Wednesday, February 14, 2007

IIPA and USTR and s. 301

A few quick points about the latest fulsome report from the IIPA:

  1. The IIPA is a lobby group - basically run by a Washington law firm that lobbies the USTR on these matters. It represents big content owners in the USA. It has a lot of clout in the USTR but it is definitely not the USTR.
  2. Nobody takes the s. 301 process very seriously. Canada's "long tenure" on this list is - if anything - a badge of honour that we not only spell the word "honour" differently than the IIPA would prefer - but we are a sovereign country that does not always ask how high the IIPA and USTR would like us to jump.
  3. The IIPA report is, as usual, over the top. It relies on doubtful data such as that of BSA.
  4. Another example: the Report misstates what Canada's Supreme Court said in SOCAN v CAIP. The Court said - by way of obiter dicta only - that "notice and take down" would be more "effective" in dealing with online infringement than litigation based on the doctrine of "authorization" - which is clearly true. That, however, does not warrant the IIPA saying that the Supreme Court "recommended" "notice and take down."
  5. The most flagrant adjudicated flouter of international copyright law is the USA. The WTO has long ago finally concluded that the USA fails to provide royalties for performing rights in many instances as a result of s. 110 of its Copyright Act. This is the most serious copyright dispute to date in the WTO and the USA is clearly unwilling or unable to do anything about coming into compliance. It has bought its way out of this violation with a paltry payment fixed by arbitration of about Euro 1,219,900 per year - a fraction of what the royalties ought to be.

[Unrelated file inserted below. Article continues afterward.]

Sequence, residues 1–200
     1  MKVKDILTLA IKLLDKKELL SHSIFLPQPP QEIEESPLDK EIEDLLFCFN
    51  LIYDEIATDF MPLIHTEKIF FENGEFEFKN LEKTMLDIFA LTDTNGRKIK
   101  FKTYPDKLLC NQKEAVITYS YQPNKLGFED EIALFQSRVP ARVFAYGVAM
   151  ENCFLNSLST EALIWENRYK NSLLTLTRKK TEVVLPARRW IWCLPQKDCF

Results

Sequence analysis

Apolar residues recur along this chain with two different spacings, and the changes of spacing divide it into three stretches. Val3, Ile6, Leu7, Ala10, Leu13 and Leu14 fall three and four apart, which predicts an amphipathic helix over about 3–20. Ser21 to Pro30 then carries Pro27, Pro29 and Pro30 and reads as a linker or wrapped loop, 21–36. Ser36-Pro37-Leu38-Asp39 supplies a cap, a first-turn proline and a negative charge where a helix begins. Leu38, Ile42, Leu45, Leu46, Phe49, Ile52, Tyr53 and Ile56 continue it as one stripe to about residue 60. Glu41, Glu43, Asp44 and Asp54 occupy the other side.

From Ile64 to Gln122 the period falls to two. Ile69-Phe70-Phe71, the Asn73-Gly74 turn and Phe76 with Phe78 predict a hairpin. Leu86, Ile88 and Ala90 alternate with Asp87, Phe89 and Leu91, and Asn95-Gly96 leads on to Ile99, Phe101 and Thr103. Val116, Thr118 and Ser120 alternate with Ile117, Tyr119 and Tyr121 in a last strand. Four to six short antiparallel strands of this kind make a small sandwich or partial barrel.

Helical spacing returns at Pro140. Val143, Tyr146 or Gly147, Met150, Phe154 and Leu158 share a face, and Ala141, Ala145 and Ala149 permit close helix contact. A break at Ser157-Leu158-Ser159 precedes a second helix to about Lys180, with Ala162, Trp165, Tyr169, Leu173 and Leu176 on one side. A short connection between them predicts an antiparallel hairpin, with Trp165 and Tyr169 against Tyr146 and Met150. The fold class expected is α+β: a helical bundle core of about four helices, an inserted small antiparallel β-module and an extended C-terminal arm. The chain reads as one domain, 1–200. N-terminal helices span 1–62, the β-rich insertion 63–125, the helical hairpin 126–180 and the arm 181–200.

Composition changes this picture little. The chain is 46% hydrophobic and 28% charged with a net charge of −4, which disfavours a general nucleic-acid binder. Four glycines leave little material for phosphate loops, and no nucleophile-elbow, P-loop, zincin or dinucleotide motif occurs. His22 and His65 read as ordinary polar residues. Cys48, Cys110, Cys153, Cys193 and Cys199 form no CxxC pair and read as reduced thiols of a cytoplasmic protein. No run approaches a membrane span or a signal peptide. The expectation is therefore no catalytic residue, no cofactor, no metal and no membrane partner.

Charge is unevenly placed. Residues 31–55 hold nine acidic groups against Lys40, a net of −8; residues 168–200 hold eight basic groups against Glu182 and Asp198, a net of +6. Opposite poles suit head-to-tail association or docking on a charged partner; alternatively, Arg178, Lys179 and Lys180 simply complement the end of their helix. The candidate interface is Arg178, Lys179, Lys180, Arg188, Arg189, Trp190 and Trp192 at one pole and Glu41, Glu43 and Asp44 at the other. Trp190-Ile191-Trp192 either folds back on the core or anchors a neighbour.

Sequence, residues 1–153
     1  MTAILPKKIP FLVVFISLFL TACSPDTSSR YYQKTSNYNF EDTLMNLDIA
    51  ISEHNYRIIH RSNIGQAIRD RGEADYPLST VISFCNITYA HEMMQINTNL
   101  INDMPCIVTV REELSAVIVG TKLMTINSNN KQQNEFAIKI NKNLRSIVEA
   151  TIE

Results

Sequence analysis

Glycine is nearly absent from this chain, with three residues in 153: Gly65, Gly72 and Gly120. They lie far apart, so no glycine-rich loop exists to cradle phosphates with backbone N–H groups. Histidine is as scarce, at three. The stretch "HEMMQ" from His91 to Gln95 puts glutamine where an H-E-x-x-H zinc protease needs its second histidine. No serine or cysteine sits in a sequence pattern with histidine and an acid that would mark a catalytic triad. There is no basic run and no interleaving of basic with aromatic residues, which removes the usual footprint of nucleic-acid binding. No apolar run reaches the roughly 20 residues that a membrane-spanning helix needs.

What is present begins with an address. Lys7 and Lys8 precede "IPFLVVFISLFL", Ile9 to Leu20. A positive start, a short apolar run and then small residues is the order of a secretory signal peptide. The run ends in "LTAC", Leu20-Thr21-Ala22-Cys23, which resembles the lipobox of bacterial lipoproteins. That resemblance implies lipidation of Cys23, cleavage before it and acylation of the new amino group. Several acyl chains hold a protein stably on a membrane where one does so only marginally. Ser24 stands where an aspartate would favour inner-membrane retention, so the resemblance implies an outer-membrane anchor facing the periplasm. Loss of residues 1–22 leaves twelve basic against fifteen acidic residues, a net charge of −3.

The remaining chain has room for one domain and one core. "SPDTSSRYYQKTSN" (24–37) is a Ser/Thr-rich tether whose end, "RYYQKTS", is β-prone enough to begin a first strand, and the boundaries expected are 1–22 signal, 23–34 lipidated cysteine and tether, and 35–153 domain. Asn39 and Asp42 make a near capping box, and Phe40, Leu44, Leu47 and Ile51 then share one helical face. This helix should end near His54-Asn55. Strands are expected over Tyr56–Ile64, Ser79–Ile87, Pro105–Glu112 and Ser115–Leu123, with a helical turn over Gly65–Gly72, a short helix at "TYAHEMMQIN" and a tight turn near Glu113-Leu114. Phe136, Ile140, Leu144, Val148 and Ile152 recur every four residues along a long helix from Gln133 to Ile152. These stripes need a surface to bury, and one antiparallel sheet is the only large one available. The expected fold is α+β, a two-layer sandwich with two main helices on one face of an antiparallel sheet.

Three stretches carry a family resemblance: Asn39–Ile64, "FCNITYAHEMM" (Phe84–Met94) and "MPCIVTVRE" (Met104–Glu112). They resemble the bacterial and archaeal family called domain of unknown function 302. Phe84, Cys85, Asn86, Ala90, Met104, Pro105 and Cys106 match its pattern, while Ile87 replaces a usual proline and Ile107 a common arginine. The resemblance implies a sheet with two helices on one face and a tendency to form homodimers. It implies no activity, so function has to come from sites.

6. Except for certain limited recourse available to visual artists, the USA does not provide moral rights and cleverly exempted moral rights from the dispute settlement mechanism in TRIPs. The USA does not believe in moral rights, which are a touchstone of copyright for most countries that really do respect the essence of what copyright law should be about - which is protecting artists and users, and not manipulating and monopolizing markets.
  7. Countries that live in glass houses....
Michael also has a good take on this entitled "In Good Company".


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